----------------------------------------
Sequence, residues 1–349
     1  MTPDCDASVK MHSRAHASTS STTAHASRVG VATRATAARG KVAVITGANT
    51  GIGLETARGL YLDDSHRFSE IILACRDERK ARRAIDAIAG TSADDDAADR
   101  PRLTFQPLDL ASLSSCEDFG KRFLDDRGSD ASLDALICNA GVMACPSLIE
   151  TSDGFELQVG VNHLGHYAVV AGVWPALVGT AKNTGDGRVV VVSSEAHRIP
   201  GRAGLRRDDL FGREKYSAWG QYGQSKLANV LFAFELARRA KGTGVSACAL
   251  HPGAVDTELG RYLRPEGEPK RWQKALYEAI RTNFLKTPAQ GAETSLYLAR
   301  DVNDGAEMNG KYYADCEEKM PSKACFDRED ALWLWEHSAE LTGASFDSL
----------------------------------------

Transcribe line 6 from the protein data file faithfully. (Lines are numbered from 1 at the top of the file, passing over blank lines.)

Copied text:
   201  GRAGLRRDDL FGREKYSAWG QYGQSKLANV LFAFELARRA KGTGVSACAL